Destructive storm hits homes near WarwickBy Fidelis Rego and staff, Thursday June 13, 2013 - 11:37 EST
Residents say a super cell storm that tore through their town on Queensland's Southern Darling Downs last night was one of the worst they have experienced.
Witnesses say the storm front was 100 metres wide, cutting a swathe through Pratten and nearby Bony Mountain, north-west of Warwick about 9:00pm (AEST).
Authorities say about six homes lost their roofs, a business and silo have been destroyed, while trees and powerlines have been ripped down.
Paramedics say one man was treated for minor leg injuries.
Ergon Energy says it could take most of the day to restore power.
Like an 'earthquake'
Pratten resident Bronwyn Tickle says it was a terrifying experience.
"I've been here 18 years and this is the worst I've ever seen," she said.
Local Darren Cameron says it was like an "earthquake going through the place".
"It was unreal - I am looking at all the devastation down through the valley where it's all gone through and taken out all the trees," he said.
"I was one of the lucky ones - it's quite a broad area, a few kilometres wide where it's gone through.
"There's an old fella down if road who is building his house and everything else that's completely flattened, the poor bugger.
"Another fella escaped with his life."
He says he is surprised no-one was more badly injured.
"If you seen it you would be saying people are lucky to walk away," he said.
"It remains me a bit like when Cyclone Tracy hit - you get bits of roof sheeting embedded in the trees and wrapped around posts and through the roofs of houses.
He says he has not experienced many bad storms in the region.
"I've been here for the last six years - I am not really classed as a local yet - but nothing like this, mate, absolutely nothing like - this it was just a freak," he said.
"I thought I was in an earthquake.
"I remember when I was in Newcastle, working at the Hawkesbury when the earthquake went through there and hit back in 1988, I think it was.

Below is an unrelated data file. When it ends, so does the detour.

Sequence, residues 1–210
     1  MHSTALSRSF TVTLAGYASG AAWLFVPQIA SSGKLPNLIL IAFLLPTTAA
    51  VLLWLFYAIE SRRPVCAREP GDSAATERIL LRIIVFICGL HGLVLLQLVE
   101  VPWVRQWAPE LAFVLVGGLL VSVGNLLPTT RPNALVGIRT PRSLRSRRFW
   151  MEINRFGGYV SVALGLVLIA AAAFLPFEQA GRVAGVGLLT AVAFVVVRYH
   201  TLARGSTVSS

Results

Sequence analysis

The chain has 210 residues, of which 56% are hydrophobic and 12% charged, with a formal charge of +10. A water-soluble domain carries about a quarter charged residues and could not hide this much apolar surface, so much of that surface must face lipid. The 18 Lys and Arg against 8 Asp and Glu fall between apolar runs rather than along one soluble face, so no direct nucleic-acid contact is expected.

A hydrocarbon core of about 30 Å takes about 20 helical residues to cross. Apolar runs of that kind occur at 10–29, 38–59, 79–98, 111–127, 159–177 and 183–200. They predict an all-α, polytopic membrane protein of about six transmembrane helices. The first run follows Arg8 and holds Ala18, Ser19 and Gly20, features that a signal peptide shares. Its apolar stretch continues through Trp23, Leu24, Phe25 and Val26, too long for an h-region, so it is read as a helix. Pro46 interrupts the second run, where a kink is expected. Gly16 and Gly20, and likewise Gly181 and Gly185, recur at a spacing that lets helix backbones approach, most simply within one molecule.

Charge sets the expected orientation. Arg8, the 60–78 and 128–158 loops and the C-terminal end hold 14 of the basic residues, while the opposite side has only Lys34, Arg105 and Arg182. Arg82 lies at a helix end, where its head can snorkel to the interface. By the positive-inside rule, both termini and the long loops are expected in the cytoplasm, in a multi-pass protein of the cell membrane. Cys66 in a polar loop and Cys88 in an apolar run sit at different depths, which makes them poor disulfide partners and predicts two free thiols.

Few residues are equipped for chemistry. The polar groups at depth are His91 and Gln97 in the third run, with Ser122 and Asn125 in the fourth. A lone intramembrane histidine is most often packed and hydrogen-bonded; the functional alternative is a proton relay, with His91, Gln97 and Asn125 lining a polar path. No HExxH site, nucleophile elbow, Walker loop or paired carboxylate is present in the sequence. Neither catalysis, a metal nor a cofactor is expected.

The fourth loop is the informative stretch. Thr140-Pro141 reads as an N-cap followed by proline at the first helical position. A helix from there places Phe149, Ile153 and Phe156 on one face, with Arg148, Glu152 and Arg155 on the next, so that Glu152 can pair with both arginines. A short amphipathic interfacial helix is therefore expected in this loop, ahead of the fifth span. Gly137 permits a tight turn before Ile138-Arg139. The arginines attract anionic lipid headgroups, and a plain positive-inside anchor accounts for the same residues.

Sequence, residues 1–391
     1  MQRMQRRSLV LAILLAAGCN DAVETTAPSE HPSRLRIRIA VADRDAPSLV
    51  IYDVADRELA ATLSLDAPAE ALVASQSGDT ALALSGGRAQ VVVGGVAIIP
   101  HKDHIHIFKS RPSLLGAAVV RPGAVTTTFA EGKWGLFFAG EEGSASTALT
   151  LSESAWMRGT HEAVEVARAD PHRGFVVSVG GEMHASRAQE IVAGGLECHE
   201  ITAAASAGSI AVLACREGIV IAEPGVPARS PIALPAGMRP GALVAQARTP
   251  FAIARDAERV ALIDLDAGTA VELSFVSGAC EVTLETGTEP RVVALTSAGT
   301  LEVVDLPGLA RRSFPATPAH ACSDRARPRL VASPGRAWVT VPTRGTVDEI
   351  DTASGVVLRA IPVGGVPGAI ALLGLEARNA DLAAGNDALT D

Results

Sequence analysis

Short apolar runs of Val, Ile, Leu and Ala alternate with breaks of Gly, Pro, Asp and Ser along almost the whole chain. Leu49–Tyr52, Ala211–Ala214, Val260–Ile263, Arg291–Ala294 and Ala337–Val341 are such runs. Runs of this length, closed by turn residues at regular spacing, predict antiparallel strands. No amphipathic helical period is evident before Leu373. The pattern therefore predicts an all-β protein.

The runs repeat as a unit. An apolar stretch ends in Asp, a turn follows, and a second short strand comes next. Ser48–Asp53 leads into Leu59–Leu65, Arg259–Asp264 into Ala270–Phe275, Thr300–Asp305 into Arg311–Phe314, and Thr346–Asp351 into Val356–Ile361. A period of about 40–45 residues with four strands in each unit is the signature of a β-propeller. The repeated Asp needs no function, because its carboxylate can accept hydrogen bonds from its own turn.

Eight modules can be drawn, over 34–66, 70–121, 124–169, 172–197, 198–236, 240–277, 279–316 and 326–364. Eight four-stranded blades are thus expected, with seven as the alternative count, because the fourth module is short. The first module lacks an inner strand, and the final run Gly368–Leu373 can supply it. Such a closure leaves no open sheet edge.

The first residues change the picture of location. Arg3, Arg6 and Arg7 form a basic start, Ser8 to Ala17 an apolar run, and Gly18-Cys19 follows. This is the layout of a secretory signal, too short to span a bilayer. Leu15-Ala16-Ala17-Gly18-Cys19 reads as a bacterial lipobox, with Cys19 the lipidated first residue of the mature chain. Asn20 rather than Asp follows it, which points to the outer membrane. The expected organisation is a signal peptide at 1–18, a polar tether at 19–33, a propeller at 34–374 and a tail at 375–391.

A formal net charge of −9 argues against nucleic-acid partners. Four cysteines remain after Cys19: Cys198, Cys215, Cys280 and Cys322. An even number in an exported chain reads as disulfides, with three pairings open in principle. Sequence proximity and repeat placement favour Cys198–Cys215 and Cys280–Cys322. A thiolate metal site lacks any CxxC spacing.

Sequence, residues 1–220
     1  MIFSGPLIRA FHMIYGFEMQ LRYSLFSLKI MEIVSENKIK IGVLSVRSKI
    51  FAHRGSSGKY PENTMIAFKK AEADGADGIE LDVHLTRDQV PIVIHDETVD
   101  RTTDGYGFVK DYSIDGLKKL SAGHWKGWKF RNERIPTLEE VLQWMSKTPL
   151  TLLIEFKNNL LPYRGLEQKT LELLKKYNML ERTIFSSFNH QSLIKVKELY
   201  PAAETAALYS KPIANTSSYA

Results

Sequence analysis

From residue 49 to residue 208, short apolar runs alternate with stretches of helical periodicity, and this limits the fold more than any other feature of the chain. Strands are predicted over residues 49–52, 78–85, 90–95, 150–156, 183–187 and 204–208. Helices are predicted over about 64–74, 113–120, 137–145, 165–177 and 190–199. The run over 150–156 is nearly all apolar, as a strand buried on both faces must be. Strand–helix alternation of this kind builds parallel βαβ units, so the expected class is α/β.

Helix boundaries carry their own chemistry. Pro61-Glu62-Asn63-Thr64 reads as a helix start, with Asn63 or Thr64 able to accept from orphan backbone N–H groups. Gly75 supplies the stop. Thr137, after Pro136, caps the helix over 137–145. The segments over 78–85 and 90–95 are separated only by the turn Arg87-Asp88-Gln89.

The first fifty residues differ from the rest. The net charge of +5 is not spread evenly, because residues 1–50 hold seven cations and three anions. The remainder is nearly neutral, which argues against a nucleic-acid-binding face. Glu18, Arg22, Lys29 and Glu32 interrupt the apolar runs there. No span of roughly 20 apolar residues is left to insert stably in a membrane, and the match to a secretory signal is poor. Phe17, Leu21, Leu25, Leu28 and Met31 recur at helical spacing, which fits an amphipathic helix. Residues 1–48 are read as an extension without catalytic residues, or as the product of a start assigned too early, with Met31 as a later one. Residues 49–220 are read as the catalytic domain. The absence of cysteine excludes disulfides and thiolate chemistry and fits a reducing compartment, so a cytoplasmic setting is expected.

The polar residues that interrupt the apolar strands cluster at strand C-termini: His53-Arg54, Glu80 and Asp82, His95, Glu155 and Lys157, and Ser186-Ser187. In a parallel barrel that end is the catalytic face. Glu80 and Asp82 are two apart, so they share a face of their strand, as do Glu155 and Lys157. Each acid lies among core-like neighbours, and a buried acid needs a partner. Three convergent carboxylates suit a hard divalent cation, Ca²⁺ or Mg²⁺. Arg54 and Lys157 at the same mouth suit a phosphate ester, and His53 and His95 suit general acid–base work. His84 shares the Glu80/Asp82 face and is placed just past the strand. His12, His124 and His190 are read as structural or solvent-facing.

"That's what it felt like - the ground was shaking - just felt like we were was in an earthquake."
Queensland Fire and Rescue Service (QFRS) spokesman Lindsay Hackett says emergency services doorknocked homes to offer help throughout the night.
"The intensity of the cell that went through obviously was a surprise I'm sure to many people down there," he said.
"There was lots of trees down, sort of a lot of livestock wandering on the streets - cattle, kangaroos and such.
"It was a fairly intense storm system that went through that particular area, but it appears it was mainly confined to a path of about a few hundred metres wide."
The State Emergency Service's (SES) Warwick district controller, John Newley, says crews worked into the night to clean up the damage.
"Only 60-odd metres wide - everything in that path got badly damaged and outside of that zone the leaves are still on the trees," he said.
He is expecting more requests for help as the clean-up begins this morning.
Southern Downs Council emergency coordinator Peter See says all available staff have been sent to Pratten to help with the clean-up.
"Trees down - we've had council work crews working through the night making sure the roads are clear," he said.
"We're currently having day shift council workers going into the area to assist with the clean-up of the area and will assist with people that have issues on their properties."
Rare winter storm
Weather bureau spokesman Bryan Rolstone says the storm had tornado-like characteristics.
"Particularly violent, with winds and big hail but I think the thing was the wind gusts with this particular storm being night, you never really know but certainly there would have been very strong gusts," he said.
"Supercells can produce a tornado but not all the time - sometimes they will get the rotation but it is not quite there.
"It didn't last very long and it eventually weakened into an ordinary thunderstorm and moved down to New South Wales."
Mr Rolstone says it is rare for such severe storms to form in winter but last night all the elements lined up.
"With all that rain that we had, the air was stacked with moisture, which you would have in late spring and summertime," he said.
"Although the temperatures weren't high, but generally the background conditions were enough for thunderstorms to form and the possibility of severe cells there.
"You have to get all the factors lined up just right to get the thunderstorms, and then one cell goes to the next level."
Authorities say powerlines have been ripped down across the region and many could be without electricity for up to 24 hours.
© ABC 2013
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